Red Hat OpenShift is part of the Cloud Native Computing Foundation (CNCF) Certified Program, ensuring portability and interoperability for your container workloads. This also allows you to use Kubernetes tools to interact with an OpenShift cluster, like
kubectl, and you can rest assured that all the APIs you know and love are right there at your fingertips.
The Kubernetes Python client is another great tool for interacting with an OpenShift cluster, allowing you to perform actions on Kubernetes resources with Python code. It also has applications within a cluster. We can configure a Python application running on OpenShift to consume the OpenShift API, and list and create resources. We could then create containerized batch jobs from the running application, or a custom service monitor, for example. It sounds a bit like “OpenShift inception,” using the OpenShift API from services created using the OpenShift API.
In this article, we’ll create a Flask application running on OpenShift. This application will use the Kubernetes Python client to interact with the OpenShift API, list other pods in the project, and display them back to the user.
Continue reading “Use the Kubernetes Python client from your running Red Hat OpenShift pods”
Red Hat CodeReady Workspaces provide developers with containerized development environments hosted on OpenShift/Kubernetes. DevOps teams can now use a hosted development environment that’s pre-built for their chosen stack and customized for their project.
CodeReady Workspaces can help you rapidly onboard developers for your project as everything they need to develop is running in a containerized workspace. In this post, we’re going to use CodeReady Workspaces to get up and running quickly with an existing open source project, Peak. Peak is a multi-container Kubernetes application for performance testing web services, and it allows you to create distributed performance tests using the Kubernetes Batch API for test orchestration. We’ll make some modifications to Peak’s Flask front end, a stateless web interface that interacts with a Falcon RESTful API to return data about performance tests. You won’t need the complete Peak application deployed, though if you like, you can find steps to deploy it to OpenShift here.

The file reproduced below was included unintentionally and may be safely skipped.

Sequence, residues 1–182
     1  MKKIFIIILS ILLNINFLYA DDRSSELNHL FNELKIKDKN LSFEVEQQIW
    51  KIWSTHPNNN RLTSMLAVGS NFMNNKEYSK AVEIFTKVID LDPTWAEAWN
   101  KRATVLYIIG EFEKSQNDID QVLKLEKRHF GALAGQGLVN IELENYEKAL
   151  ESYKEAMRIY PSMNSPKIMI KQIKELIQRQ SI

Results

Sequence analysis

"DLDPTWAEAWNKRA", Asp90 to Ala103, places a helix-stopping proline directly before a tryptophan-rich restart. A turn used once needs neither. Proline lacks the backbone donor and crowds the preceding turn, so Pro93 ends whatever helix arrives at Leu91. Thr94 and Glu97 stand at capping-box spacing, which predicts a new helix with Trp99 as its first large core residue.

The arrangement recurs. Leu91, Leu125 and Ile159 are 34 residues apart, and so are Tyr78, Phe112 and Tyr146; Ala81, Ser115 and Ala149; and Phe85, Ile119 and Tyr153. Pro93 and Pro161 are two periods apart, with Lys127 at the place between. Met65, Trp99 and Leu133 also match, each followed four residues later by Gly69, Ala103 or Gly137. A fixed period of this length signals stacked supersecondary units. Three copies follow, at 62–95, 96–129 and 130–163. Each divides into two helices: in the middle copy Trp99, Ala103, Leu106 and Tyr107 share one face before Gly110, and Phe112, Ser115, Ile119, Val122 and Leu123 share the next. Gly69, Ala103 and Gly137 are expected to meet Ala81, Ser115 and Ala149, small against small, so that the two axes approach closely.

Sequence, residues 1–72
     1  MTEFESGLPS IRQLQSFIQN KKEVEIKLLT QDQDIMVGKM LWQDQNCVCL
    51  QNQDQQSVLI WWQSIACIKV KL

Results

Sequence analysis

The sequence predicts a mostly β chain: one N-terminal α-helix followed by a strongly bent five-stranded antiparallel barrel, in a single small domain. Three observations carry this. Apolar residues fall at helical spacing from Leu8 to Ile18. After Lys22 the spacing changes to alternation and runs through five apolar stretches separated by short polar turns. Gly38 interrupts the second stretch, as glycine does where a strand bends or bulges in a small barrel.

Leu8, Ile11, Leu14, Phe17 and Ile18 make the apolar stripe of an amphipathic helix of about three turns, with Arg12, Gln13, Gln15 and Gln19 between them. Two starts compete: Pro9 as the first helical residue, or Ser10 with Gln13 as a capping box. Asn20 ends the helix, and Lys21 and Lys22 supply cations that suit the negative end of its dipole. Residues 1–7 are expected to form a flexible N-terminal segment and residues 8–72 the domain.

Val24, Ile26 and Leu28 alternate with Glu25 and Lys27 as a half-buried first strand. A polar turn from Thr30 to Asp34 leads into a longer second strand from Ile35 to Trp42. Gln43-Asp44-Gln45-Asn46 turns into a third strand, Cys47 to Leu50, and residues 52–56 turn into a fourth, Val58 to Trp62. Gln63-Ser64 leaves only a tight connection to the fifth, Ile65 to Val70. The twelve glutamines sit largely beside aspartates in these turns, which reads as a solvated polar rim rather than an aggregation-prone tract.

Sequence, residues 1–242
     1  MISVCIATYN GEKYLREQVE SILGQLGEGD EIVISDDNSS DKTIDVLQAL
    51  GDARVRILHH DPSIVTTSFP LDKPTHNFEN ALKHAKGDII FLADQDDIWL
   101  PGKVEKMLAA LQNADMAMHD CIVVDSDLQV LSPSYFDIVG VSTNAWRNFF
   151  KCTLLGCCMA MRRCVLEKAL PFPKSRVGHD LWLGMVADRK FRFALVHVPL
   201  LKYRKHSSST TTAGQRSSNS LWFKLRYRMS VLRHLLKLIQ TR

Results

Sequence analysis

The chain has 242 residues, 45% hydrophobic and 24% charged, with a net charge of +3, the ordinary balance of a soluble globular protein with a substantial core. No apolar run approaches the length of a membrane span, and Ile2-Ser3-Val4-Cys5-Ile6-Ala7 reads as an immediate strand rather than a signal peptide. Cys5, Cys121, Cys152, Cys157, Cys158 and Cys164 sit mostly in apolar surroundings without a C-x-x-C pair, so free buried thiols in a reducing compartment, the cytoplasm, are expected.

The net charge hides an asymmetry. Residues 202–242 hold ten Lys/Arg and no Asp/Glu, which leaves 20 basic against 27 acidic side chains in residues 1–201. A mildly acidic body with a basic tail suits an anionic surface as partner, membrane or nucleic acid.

To follow along you’ll need a Red Hat OpenShift Container Platform 3.11 environment. You can use the Red Hat Container Development Kit on your Windows, macOS, or Linux laptop or a hosted Red Hat OpenShift instance to do it on online.
Continue reading “Creating a containerized Python/Flask development environment with Red Hat CodeReady Workspaces”
TL;DR Of course we have Python! You just need to specify if you want Python 3 or 2 as we didn’t want to set a default. Give
yum install python3 and/or
yum install python2 a try. Or, if you want to see what we recommend you install
yum install @python36 or
yum install @python27. Read on for why:
For prior versions of Red Hat Enterprise Linux, and most Linux Distributions, users have been locked to the system version of Python unless they got away from the system’s package manager. While this can be true for a lot of tools (ruby, node, Perl, php) the Python use case is more complicated because so many Linux tools (like yum) rely on Python. In order to improve the experience for RHEL 8 users, we have moved the Python used by the system “off to the side” and we introduced the concept of Application Streams based on Modularity.
Continue reading “What, No Python in RHEL 8 Beta?”
Ten years ago, the developers of the Python programming language decided to clean things up and release a backwards-incompatible version, Python 3. They initially underestimated the impact of the changes, and the popularity of the language. Still, in the last decade, the vast majority of community projects has migrated to the new version, and major projects are now dropping support for Python 2.
In Red Hat Enterprise Linux 8, Python 3.6 is the default. But Python 2 remains available in RHEL 8.
Using Python in RHEL 8
To install Python, type
yum install python3.
To run Python, type
If that doesn’t work for you, or you need more details, read on!
Continue reading “Python in RHEL 8”
This article shows how to install Python 3,